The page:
JP: I feel my greatest strength is my innate empathy and my understanding of what others are living---the difficult and the joyful.  My mother survived a difficult childhood, and I drew strength from her example which instilled in me the fortitude to deal with whatever life throws at me.  As far as my weakness I remember my husband used to tease me about being a Pisces, the two fishes going in opposite directions.  I can always see both sides to a dilemma and that makes me, in his teasing words “wishy-washy.”  

SP:  We see nothing wishy-washy about your writing, that's for sure. Now then, if you had to live a year with only one book, what would it be? And do you have favorite authors?  If so, why do you admire their work?

JP: My one book would be Anne Morrow Lindbergh’s “Gifts From The Sea.” I first read this book when I was needing so desperately to find alone time to write, to pursue my art. She was my hero when she took that cabin on the beach and spent time with her own thoughts, her own responses to the rhythms of the sea—a woman living alone in a bare-bones beach house. It satisfied me so much at the time I was caretaking my dying husband but even now, upon re-reading, I find it is still what I need as a professional woman. I am blessed with a multitude of people and things to do in my life, but I also have a great need for solitude. I need that to replenish.

Anne Morrow Lindbergh is my favorite author as are the more contemporary Ann Patchett, Annie Dillard and Elizabeth Strout.

SP: Are you writing anything at the moment?  Can you tell us what it is?

JP: I am constantly writing my journalism articles.  My fine arts column comes out every week and can be found at: and on my Pinterest page.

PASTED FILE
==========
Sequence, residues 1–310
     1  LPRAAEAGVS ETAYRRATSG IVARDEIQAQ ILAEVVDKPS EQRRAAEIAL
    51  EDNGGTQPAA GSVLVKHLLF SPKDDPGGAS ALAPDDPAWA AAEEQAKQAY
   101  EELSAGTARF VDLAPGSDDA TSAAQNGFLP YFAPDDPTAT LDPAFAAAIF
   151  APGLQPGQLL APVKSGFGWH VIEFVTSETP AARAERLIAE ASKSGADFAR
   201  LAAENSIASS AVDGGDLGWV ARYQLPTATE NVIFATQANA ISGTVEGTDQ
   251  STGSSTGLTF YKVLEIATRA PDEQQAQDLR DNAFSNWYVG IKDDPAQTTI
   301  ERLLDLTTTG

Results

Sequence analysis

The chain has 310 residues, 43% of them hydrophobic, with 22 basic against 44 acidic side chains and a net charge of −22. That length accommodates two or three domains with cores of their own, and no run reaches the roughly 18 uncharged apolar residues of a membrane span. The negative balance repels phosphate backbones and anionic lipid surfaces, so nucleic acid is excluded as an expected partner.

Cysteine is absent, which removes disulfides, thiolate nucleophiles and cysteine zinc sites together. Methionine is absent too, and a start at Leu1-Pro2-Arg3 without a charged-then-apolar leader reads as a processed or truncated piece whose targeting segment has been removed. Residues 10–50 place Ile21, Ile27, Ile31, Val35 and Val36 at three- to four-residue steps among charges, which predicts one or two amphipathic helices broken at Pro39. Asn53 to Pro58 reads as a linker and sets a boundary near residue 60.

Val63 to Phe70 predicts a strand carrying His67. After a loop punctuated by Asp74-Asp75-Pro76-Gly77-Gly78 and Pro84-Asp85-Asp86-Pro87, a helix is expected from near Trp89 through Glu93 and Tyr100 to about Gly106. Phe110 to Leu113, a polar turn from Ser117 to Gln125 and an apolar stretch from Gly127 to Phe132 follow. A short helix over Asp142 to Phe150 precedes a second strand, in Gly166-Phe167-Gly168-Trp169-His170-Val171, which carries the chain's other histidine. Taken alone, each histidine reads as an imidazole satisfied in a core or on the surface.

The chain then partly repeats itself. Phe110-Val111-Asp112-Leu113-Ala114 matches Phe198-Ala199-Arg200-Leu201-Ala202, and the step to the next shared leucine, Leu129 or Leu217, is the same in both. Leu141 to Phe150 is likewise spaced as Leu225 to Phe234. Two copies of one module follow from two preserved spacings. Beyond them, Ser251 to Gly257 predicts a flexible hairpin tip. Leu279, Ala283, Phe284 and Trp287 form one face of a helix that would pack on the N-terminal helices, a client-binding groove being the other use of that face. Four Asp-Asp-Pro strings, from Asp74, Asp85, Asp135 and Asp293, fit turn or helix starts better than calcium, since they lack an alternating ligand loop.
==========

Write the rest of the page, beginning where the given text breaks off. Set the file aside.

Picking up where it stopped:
When I finished Rooster Street, I told my daughter it was my last novel.  I’d written about some of the same characters through all three novels, and I was ready to let them go.  But I also felt as though Rooster Street had allowed me to represent through story my most deeply held beliefs about both freedom and human equality.  That gave me a sense of completion, tooBut several book clubs have asked me to come talk about Rooster Street and I’ve been fascinated by what they see in the book.  Those discussions have gotten me thinking like a novelist again, and every time I finish a long piece of journalism, I can feel the tickle of fiction in my fingers. So we’ll see!

SP: Wonderful. Okay, last question, Janet. If you had a bucket list what would be in the top three positions”

JP:  That's a good question! I think these three ideas sum them up:
1. Unlimited-Unscheduled time to just enjoy my little village of Hopewell, NJ and all the places I have yet to explore on Cape Cod.
2. Additional river boat cruises in Europe to villages I’ve not yet visited.
3. Riverboat cruises in the U.S.

Janet, thank you so much for joining us here and thanks too for the links to your own websites. It's been a fascinating chat and very good to get to know more about you and your inspiring environment. 

However, we still need to give our readers a sight of your lovely books, so the Amazon links are below:


Vallypee said...

It's been lovely to read about your background, Janet. I was surprised you'd trained in journalism rather than going to art college! What a talented lady you are!

Anonymous said...

Lovely, deep interview, inspirational and intriguing! Thanks, SP and Janet.

Anonymous said...

Loved finding out some background to this great artist. What a beautiful place (or places ) to live, write and paint.Tonia